What do you think of when you think of stress?
Sleepless nights awaiting important test results? Tension headaches and coffee to survive work?
Stress is tough to define but you know it when you feel it.
Researchers describe stress as any situation that would cause most people to feel stressed. Situations that cause these feelings are defined as stressors.
Stressors: Acute vs. Chronic
Stressors generally fall into two categories, acute and chronic.
Acute stressors include things like traffic jams, job interviews, or public speaking.
Once your brain perceives a situation to be stressful, hormones are released that increase your blood sugar levels, heart rate, and blood pressure.
In the short term, these changes are good.
They fuel your heart, brain, and muscles more efficiently. As a result, every sense sharpens. Your muscles prepare to react. You slam on the brakes, ace the interview, or rock the presentation.
The stressful situation ends, and everything in your body returns to normal.
Unlike acute stressors, chronic stressors don’t have a clear end in sight. Consider the stress of saving for retirement, managing a health condition, or caring for aging parents.
Some of the most common stressors are related to finances, work, relationships, health, and politics.
Feeling chronically stressed activates your stress response for much longer than nature intended. And this constant state of being on guard is no good.
It triggers your immune system in ways that might erase years from your life.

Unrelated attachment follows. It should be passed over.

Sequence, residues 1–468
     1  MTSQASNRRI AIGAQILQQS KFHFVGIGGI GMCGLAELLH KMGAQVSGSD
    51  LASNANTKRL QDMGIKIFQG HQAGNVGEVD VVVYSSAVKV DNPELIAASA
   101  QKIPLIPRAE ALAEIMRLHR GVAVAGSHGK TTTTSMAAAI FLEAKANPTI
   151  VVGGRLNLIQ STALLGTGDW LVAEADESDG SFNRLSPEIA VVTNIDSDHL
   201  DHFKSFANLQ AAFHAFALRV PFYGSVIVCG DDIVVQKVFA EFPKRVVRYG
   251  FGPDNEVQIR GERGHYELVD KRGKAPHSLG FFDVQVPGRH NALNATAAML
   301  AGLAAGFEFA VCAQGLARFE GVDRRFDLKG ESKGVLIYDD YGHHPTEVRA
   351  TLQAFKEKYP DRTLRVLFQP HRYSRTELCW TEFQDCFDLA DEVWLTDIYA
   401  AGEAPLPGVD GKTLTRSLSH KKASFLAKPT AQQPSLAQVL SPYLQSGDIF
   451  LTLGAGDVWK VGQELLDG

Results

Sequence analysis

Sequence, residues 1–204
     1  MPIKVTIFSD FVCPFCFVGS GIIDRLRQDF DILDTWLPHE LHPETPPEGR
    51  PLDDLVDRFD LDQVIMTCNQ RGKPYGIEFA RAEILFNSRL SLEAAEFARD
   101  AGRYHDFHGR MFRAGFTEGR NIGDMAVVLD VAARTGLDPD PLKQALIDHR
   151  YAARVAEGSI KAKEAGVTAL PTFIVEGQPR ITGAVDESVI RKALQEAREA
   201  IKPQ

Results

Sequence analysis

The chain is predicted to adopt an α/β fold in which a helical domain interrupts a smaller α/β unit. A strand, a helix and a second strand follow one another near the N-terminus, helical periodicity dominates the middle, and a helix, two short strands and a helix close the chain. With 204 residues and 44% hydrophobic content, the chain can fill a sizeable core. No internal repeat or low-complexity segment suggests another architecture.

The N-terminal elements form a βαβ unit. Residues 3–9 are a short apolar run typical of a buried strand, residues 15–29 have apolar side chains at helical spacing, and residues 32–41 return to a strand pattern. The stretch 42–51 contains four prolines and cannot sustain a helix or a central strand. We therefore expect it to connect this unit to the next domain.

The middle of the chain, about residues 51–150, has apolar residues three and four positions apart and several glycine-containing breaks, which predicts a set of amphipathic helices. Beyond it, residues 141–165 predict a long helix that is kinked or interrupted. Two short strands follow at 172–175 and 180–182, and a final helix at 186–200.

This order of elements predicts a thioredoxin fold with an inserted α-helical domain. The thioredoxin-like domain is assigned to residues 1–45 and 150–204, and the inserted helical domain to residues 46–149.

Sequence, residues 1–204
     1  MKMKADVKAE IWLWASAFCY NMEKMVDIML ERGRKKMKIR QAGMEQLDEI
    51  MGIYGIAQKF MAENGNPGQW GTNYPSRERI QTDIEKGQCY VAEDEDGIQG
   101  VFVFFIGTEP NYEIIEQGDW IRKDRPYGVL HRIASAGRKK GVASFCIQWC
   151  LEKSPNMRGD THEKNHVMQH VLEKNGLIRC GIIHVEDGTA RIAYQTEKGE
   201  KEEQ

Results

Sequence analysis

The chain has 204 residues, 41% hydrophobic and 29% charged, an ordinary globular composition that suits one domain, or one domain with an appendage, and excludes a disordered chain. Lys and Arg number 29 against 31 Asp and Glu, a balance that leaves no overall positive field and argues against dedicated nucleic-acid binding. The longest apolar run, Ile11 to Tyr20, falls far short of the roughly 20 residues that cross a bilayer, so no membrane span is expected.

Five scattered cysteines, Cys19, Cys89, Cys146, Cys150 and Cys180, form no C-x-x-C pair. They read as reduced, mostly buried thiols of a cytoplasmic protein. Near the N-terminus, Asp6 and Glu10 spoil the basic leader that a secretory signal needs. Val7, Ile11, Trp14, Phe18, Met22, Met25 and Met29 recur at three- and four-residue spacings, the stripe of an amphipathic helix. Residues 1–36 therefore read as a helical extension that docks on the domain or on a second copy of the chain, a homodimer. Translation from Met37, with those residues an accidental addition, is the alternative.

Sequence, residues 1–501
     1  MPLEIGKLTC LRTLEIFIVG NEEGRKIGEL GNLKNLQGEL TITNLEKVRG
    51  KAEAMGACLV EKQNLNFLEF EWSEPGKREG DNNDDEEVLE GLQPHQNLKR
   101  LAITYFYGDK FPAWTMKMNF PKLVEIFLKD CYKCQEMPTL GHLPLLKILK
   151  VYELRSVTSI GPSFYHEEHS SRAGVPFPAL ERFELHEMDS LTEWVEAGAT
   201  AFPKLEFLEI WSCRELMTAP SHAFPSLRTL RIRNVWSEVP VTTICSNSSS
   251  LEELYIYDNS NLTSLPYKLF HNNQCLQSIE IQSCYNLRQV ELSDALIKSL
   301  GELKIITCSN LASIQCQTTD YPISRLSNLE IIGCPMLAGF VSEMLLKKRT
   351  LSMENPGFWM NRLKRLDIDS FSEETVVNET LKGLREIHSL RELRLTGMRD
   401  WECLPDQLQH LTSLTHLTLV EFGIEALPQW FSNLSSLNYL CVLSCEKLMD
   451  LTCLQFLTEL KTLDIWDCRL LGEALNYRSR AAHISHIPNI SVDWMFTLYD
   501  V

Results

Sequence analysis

What Stress Does to Your Immune System
Your immune system is a complex collection of cells, tissues, and organs working to protect you from illness, injury, and/or death. When threatened, your immune system responds to keep you healthy.
Remember the last time you had a paper cut?
The painful swelling and redness you likely experienced are thanks to your body’s immune response. As soon as your skin is injured, your immune system goes on the defensive. White blood cells are released. Your body temperature increases. Inflammation occurs at the site of the injury.
These changes happen to prevent infection and promote healing. So once the threat passes, everything should return to normal. Well, what happens if the threat never passes?
Enter chronic stress.
Under stress, the hormones your body releases trigger the immune response described above. Except for this time, inflammation happens throughout the body.
And it continues as long as you feel stressed.
Chronic stress also suppresses other parts of the immune response. Stress could be making your immune system less effective at warding off infections, allergies, and/or illness.
Scientists continue to debate the specifics of how stress influences the immune system. However, many researchers agree chronic stress is making most US adults ill. Up to 90% of doctor visits are for stress-related symptoms or illnesses.
Therefore, learning to manage stress is an important tool for dealing which chronic stressors before they deal with you.
What are Effective Ways to Reduce Stress?
While you can’t always get rid of the circumstances that stress you out, you can choose how to respond to them.
Read on for four simple suggestions for better managing stress.
Did you know that physical activity can reduce stress’s effects on your body?
Exercise can lower blood pressure and inflammation, two side effects of a chronic stress response.
Other benefits include:
- Improved sleep quality